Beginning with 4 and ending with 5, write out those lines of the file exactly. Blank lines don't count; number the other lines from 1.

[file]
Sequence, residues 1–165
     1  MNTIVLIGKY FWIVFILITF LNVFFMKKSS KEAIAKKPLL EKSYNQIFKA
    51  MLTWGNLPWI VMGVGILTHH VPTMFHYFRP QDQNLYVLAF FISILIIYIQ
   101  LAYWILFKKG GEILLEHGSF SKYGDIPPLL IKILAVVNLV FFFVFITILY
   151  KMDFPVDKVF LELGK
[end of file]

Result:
   101  LAYWILFKKG GEILLEHGSF SKYGDIPPLL IKILAVVNLV FFFVFITILY
   151  KMDFPVDKVF LELGK